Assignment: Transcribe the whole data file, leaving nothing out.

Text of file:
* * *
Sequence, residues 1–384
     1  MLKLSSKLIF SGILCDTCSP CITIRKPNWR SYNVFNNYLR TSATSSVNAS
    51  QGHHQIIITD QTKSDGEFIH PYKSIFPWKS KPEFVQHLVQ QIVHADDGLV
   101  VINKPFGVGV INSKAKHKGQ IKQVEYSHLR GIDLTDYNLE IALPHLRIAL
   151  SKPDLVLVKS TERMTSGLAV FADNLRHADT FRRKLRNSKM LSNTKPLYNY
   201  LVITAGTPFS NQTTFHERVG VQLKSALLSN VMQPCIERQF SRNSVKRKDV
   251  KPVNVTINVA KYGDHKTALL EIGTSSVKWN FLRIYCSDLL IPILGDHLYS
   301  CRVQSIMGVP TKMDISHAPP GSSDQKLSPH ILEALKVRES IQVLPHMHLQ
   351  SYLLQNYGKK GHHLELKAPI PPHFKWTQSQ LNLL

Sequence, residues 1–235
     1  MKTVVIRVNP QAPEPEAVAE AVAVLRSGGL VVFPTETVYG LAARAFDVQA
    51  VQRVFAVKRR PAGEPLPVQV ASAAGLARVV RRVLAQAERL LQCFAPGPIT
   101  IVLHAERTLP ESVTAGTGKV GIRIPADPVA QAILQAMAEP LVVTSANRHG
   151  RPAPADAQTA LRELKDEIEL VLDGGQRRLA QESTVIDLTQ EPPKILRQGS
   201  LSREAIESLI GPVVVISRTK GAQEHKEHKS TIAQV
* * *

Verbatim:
Sequence, residues 1–384
     1  MLKLSSKLIF SGILCDTCSP CITIRKPNWR SYNVFNNYLR TSATSSVNAS
    51  QGHHQIIITD QTKSDGEFIH PYKSIFPWKS KPEFVQHLVQ QIVHADDGLV
   101  VINKPFGVGV INSKAKHKGQ IKQVEYSHLR GIDLTDYNLE IALPHLRIAL
   151  SKPDLVLVKS TERMTSGLAV FADNLRHADT FRRKLRNSKM LSNTKPLYNY
   201  LVITAGTPFS NQTTFHERVG VQLKSALLSN VMQPCIERQF SRNSVKRKDV
   251  KPVNVTINVA KYGDHKTALL EIGTSSVKWN FLRIYCSDLL IPILGDHLYS
   301  CRVQSIMGVP TKMDISHAPP GSSDQKLSPH ILEALKVRES IQVLPHMHLQ
   351  SYLLQNYGKK GHHLELKAPI PPHFKWTQSQ LNLL

Sequence, residues 1–235
     1  MKTVVIRVNP QAPEPEAVAE AVAVLRSGGL VVFPTETVYG LAARAFDVQA
    51  VQRVFAVKRR PAGEPLPVQV ASAAGLARVV RRVLAQAERL LQCFAPGPIT
   101  IVLHAERTLP ESVTAGTGKV GIRIPADPVA QAILQAMAEP LVVTSANRHG
   151  RPAPADAQTA LRELKDEIEL VLDGGQRRLA QESTVIDLTQ EPPKILRQGS
   201  LSREAIESLI GPVVVISRTK GAQEHKEHKS TIAQV